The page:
Why teaching about mental health is so important
According to a 2019 survey conducted by the mental health charity Mind, the mental health of students, particularly those in secondary school, is a significant problem. The study assessed around 12,000 students between the ages of 11 and 19, and concluded that 59% of the participants have experienced a mental health problem, or are close to someone who has. The survey also disclosed that 14% of the students ranked their mental health as being poor or very poor.
Students today face a huge amount of pressure and stress, with many having to deal with higher academic workloads than any previous generation. A poor work-life balance, along with pressures to achieve certain grades to get into university, and unprecedented financial responsibilities to study for their degree, all lead to many students feeling overwhelmed, with anxiety and depression being all too common.
It is important to teach students (and adults) to notice any signs of mental health problems in themselves and others. In the same way that we teach people to be attentive to the onset of physical ailments, it is just as incumbent on us to educate ourselves to be watchful to the onset of any mental health ailments.
Everyone goes through days when they feel down and unenthusiastic, but if these feelings persist over weeks or months, and have no obvious cause, they may be suffering from depression.
Signs someone may have depression:
- Pronounced and persistent feelings of sadness and apathy.
- An alteration in sleep habits.
- An alteration in appetite, such as being indifferent to eating, or binging on certain foods.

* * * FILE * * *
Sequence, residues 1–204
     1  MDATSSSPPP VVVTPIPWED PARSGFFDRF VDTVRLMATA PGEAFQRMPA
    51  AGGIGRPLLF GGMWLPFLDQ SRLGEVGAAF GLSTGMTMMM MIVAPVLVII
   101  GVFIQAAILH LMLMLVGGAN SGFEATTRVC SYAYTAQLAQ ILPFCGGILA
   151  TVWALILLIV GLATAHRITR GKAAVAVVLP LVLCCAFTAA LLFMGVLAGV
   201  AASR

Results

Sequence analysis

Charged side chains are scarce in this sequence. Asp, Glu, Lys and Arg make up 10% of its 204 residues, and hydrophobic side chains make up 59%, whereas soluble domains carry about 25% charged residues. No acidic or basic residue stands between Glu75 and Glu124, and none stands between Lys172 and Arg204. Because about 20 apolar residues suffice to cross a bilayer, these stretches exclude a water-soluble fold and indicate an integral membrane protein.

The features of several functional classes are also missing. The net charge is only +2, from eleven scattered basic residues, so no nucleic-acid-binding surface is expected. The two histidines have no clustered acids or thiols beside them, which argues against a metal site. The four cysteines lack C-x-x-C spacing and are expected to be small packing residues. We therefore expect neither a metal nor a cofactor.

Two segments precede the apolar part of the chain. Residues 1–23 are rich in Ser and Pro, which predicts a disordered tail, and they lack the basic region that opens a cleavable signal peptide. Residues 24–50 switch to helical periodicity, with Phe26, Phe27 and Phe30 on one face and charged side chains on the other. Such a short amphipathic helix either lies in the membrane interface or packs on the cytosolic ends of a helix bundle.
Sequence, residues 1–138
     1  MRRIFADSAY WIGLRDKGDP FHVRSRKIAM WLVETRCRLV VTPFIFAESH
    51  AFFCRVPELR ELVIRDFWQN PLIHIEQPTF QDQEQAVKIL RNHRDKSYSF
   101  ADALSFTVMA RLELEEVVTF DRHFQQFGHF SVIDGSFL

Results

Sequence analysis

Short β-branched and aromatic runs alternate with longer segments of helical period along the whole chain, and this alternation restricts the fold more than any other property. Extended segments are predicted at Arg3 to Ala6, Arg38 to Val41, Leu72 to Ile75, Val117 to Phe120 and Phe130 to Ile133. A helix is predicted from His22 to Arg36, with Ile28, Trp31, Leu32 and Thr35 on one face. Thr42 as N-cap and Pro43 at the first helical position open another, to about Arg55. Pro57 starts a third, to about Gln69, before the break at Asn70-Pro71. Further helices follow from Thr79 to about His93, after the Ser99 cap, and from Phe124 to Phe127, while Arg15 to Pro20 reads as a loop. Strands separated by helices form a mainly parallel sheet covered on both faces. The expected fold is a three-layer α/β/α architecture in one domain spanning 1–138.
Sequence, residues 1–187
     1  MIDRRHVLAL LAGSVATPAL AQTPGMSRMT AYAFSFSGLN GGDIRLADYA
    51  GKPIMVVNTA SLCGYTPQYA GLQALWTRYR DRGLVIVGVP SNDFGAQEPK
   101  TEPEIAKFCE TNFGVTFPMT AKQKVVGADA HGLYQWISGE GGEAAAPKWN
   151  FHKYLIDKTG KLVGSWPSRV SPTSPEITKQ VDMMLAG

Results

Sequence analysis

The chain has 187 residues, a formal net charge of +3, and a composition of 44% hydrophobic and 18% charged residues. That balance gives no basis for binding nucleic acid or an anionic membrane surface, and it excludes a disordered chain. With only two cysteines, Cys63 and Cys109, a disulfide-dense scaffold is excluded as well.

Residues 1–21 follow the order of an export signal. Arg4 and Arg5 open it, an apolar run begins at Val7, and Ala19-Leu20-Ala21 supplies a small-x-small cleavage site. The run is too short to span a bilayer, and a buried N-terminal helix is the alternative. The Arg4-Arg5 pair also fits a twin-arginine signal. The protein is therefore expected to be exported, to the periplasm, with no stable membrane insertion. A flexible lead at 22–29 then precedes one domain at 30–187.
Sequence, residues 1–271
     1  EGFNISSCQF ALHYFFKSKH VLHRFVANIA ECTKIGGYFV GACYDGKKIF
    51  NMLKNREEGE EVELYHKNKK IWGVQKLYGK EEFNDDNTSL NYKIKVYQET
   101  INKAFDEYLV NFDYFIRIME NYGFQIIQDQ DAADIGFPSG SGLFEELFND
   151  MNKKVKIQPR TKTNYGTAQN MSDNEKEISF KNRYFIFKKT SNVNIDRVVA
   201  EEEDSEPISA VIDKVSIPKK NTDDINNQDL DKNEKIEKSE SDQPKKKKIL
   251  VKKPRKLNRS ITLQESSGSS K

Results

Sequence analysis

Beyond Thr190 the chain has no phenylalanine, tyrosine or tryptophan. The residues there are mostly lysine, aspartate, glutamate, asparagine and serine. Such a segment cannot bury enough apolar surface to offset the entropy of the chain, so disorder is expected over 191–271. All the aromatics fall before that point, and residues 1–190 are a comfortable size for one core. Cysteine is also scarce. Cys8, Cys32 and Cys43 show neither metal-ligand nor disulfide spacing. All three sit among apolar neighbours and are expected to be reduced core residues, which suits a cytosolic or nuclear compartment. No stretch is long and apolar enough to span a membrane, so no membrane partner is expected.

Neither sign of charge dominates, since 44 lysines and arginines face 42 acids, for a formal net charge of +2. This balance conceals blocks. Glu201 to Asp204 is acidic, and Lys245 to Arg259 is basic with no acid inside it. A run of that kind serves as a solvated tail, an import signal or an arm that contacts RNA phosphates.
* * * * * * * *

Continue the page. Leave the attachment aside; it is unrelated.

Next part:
- An uncharacteristic pessimistic outlook on life.
Anxiety is generally defined as a long running feeling of fear and apprehension pervading someone`s day to day life. Very often these feelings will have a negative impact on everyday activities, preventing the individual from carrying out basic tasks and finding enjoyment in life.
The most common symptoms of anxiety may include the following:
- Feeling irritable throughout the day.
- Having difficulty concentrating.
- Stomach cramps and/or diarrhoea - pain in the abdomen which may manifest as symptoms of IBS (irritable bowel symptom).
3. Eating disorders
A 2005-2007 study undertaken by the National Library of Medicine revealed that as many as 11-17% of female college students, and 4% of male college students suffered from some kind of eating disorder. The condition is generally defined as an irregularity in eating habits, and an intense preoccupation with one`s body image.
The following are some of the most common eating disorders:
- Anorexia Nervosa - The NHS defines this as a serious eating disorder and mental health condition, where those afflicted strive to keep their weight as low as possible by either denying themselves food, excessively exercising, or both. Both men and women can suffer from the condition, but it most commonly affects young women, with symptoms manifesting in mid teenage years.
- Bulimia Nervosa - Another serious eating disorder, where individuals go through periods of consuming a large amount of food in a short space of time, before seeking to purge themselves of the calories they have just ingested - typically by making themselves sick, or excessively exercising, or both. Bulimics may abuse laxative and diuretic medicines in their efforts to control their weight, and repeated vomiting can lead to cardiovascular disease.
- Binge eating disorder - This condition is causes food cravings, where the individual will regularly consume a large amount of food in a short period of time. These binges are often planned out in advance, and carried out in secret.
It is incumbent upon everyone to be on the lookout of signs of mental health problems in one another, while also being attentive to our own mental health. Teachers and parents can learn to recognise any signs of developing mental health problems, and by intervening at an early stage impede the advance of an illness before it becomes more entrenched and harder to treat. Our culture is rapidly changing, and the stigma around mental health is thankfully being lifted. People are more willing to talk about their problems, and past attitudes to this health problem are thankfully dissipating. There is still much work to be done however, and we should all strive to be attentive to the mental health of our friends and colleagues.